Closer Than Ever, an award-winning musical revue kicking off the new season at International City Theatre, consists of twenty-four songs in two acts with no book or specific characters. With music by David Shire and lyrics by Richard Maltby, Jr., the show explores the joys and angst of professional-class, apartment-dwelling New Yorkers as they navigate the vicissitudes of life. The songs range from the exhilaration of youth to the ever-accelerating onset of age. A quartet of excellent singers designated Man #1 (Adam von Almen), Woman #1 (Valerie Perri), Man #2 (Kevin Bailey) and Woman #2 (Katheryne Penny) sing with consummate skill of transitions, relationships, sexual and otherwise, and memories.
Each song – in solo, duet, trio or quartet – is its own little playlet expressing a common aspect of life. There is unrequited desire (“”She Loves Me Not”), obsession to the point of stalking (“What Am I Doin’?), and relationships the second time around (“Dating Again” and “Another Wedding Song”). The music is solid if unmemorable and the lyrics cunningly clever.
Closer Than Ever gets off to a slow start with “Doors,” a song that speaks to the transitions of life, then really kicks into gear with “You Wanna Be My Friend” (Kevin and Katheryne), in which a woman goes into a tirade at the suggestion from a lover that he wants to break up and just be “friends.” The show hums along nicely with a variety of songs, humorous, passionate and wistful.
Valerie Perri scores with a wry song that compares the relationship of men and women to the way things are in the animal kingdom, “The Bear, the Tiger, the Hamster and the Mole,” followed by Kevin’s amusingly anxious stew of male woes in “I’ll Get Up Tomorrow Morning.” Adam ruminates on how it is to be a faithful family man who stays the course in marriage despite the memory of a long passed moment of temptation in the wistful “One of the Good Guys.”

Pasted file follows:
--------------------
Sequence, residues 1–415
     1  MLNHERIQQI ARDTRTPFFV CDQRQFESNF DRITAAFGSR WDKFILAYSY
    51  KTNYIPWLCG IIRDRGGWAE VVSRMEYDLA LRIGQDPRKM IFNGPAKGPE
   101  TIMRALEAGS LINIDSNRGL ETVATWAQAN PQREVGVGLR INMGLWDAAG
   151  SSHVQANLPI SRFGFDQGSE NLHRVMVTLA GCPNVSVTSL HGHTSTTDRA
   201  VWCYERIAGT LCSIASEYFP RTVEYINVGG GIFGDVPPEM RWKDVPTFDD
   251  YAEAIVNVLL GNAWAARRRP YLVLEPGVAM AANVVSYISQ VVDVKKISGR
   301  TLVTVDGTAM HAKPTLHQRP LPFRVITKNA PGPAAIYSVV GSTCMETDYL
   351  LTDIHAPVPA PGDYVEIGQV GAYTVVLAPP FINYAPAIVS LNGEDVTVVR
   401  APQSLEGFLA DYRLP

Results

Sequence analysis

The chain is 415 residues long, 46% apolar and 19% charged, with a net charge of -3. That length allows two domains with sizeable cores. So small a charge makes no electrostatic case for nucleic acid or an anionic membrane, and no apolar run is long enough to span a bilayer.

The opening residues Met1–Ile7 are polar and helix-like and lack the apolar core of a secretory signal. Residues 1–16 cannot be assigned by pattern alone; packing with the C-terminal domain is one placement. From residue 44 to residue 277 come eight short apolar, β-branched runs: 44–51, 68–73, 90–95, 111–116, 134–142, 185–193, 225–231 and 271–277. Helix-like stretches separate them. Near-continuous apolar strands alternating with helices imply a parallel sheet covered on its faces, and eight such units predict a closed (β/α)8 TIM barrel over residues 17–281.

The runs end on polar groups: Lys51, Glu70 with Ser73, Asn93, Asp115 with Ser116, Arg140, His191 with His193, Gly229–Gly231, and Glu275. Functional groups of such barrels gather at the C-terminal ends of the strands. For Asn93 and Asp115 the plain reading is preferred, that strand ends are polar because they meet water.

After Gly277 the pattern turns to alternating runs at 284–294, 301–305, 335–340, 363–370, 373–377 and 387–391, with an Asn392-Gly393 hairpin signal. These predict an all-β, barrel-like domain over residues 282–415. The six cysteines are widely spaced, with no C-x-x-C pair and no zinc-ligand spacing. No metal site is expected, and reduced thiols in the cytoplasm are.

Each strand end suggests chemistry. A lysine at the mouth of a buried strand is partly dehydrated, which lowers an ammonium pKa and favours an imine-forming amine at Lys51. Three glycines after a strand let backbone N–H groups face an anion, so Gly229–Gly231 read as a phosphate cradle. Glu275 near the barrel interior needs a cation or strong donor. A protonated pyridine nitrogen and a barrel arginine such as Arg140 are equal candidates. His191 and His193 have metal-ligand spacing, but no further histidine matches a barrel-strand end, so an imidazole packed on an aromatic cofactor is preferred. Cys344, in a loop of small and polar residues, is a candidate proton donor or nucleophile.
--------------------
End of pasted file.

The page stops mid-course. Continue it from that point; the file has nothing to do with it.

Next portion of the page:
Humor is plentiful in Closer Than Ever. Katheryne Penny lights up the stage as an office worker with a secret sexual life in “Miss Byrd,” which includes ingenious choreography in a rolling office chair (kudos to director/choreographer Todd Neilson). In the hilarious “Fandango,” a pair of upwardly mobile parents (Adam and Katheryne), all set to go off to important professional engagements, squabble over who is going to take care of the baby.
Kevin Bailey is quite touching in “If I Sing,” an homage to the character’s musician father, a piano virtuoso. In the moving song “Patterns,” Valerie Perri sings with a sadness tinged with regret as she look back over the life of her character. And the best moment in the show came when bassist Brad Babinski left the side of excellent musical director/accompanist Gerald Sternbach to take center stage in the jazzy number, “Back on Base,” sung par excellence by Katheryne Penny.
Closer Than Ever makes for a pleasing evening of song performed by a wonderful cast. However, the scope of the show, focusing as it does on people of a certain class, loses the strived for universality and may limit its the appeal.
Closer Than Ever runs through March 6 at International Theatre in Long Beach.